When paleontologist Spencer Lucas asked David how he knew it was a dinosaur egg, he looked up momentarily from his backhoe work. "I just knew it," he shrugged.
Meanwhile, New Mexico Gov. Gary Johnson is wishing his state highway workers were as alert as little David. He recently cracked this joke on a morning radio talk show: "Q: What's big and orange and sleeps four? A: A state highway department dump truck." Johnson's remark drew an angry fax from the State Highway Department: "We do not find this humorous," read the fax. "We take pride in our department and in our jobs. We are tired of the governor constantly demeaning state employees," reported the Albuquerque Journal. Johnson's office backpedaled with another wisecrack: "Q: What is round and brown and sleeps 26? A: The governor's office."
There is a highway project in New Mexico to make the governor proud. Since the state installed lights along Highway 666 four years ago, accidents have decreased by 30 percent, reports Indian Country Today. The credit mostly goes to Nancy Bill, a Navajo employed by the Indian Health Services. Because virtually all the people killed along the notoriously dangerous "devil's highway" were drunk Indians walking between Gallup and the reservation, state and federal officials had dismissed the deaths as an incurable social problem. Nancy Bill saw real people behind the statistics and knew something could be done; she badgered federal, state, Navajo and local agencies until the lights went on.
Now that Highway 666 has a better safety record, perhaps another road can claim the nickname "devil's highway." Washington state sports a few ripe candidates: Some road beds made of shredded tires are bursting into flames and oozing oil, according to the Associated Press. Scientists say they're not sure exactly what's happening to the submerged tires, but it seems that pressure, water and microbes are breaking them down much the way vegetables decay in a compost pile. It also seems to be a matter of thickness; the worst cases have happened where tires are piled more than 20-feet deep. A solution may be at hand: Dana Humphrey, a civil-engineering professor who encouraged the use of the recycled tires, says, "They're going to go in and take the part that's burning out."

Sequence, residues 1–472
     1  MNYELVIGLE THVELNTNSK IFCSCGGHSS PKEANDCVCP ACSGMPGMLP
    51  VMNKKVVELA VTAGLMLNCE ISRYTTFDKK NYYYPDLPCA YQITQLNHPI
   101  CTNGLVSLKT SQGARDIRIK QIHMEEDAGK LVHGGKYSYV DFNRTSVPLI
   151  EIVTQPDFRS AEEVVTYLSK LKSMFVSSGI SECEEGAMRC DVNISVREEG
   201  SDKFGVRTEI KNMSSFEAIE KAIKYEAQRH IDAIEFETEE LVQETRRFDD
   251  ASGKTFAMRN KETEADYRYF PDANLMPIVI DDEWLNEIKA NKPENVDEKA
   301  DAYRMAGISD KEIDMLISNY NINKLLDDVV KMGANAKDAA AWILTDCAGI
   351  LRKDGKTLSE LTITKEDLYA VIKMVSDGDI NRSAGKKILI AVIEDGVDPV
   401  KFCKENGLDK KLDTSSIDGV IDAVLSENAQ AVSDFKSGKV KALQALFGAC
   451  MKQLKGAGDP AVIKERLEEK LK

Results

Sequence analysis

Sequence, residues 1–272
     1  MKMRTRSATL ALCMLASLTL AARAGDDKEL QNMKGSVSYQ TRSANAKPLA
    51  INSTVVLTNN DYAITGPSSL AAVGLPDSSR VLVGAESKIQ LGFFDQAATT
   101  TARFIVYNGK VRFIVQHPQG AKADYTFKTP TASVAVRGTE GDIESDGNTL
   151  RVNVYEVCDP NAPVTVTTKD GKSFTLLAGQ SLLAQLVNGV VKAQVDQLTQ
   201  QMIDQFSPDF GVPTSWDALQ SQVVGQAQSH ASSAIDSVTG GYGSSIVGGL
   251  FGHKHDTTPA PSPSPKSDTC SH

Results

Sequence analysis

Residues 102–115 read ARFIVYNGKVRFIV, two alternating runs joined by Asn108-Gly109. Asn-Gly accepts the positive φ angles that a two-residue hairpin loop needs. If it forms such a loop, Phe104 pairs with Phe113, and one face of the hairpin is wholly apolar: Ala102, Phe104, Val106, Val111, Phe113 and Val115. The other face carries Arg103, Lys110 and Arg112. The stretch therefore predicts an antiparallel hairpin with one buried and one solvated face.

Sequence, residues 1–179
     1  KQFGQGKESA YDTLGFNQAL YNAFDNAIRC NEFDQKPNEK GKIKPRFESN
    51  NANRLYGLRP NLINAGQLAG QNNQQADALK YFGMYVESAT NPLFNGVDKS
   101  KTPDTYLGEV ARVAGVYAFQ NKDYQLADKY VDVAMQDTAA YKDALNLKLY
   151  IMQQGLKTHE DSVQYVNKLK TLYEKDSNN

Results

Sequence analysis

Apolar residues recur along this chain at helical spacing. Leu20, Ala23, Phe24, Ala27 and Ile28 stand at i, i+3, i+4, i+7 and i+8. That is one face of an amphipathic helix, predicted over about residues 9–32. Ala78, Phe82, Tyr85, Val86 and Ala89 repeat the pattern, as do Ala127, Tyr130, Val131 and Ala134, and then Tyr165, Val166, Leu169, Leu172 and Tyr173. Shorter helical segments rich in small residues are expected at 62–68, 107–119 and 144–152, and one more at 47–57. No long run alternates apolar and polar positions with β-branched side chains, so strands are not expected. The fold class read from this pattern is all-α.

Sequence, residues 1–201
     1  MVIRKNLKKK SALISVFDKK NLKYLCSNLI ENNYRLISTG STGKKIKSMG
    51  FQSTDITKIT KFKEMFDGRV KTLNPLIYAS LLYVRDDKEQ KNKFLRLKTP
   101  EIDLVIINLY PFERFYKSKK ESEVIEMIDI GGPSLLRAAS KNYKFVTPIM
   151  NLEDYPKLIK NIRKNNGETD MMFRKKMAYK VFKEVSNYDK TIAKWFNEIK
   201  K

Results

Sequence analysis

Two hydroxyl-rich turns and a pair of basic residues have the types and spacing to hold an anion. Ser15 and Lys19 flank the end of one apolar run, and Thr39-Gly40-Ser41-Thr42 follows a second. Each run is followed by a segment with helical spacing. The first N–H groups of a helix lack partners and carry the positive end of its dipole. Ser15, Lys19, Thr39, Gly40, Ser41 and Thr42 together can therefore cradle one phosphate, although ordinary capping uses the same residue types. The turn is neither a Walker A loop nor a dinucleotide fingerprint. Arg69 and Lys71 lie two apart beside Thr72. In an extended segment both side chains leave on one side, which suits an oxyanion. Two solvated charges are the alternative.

This nickname is meant to attract travelers, not scare them away: Nevada state muckety-mucks recently christened Highway 375 the "Extraterrestrial Highway," and now signs are up featuring two spaceships. The highway borders a top secret Air Force range where the government is rumored to store alien spacecraft. "Trust me when I tell you there are weird things in the sky here," a local radio show host told an Albuquerque Journal reporter. "It's an appropriate name." As hoped, some 1,000 tourists and reporters stopped in at the Little A'Le'Inn in Rachel, Nev., during the April 18 dedication ceremony, to buy plastic alien statues and to talk about strange stuff in the sky.
Then there's this classic highway story from Jim Fletcher, an HCN subscriber from Nebraska. Some years ago, Fletcher tells us, his friend "T-Bone" was stuck behind a battered pickup truck on a Montana highway. When he finally reached a place where he could pass, the truck made a sharp left down a gravel road without even the hint of a signal. T-Bone blasted his horn and made the old man stop. "Use your turn signal next time," he yelled. The Montanan responded: "Sonny, I've turned at that spot for 83 years, everybody knows I turn there."
Heard around the West invites readers to get involved in the column. Send any tidbits that merit sharing - small-town newspaper clips, personal anecdotes, relevant bumpersticker slogans. The definition remains loose. Heard, HCN, Box 1090, Paonia, CO 81428 or HCNVIRO@aol.com
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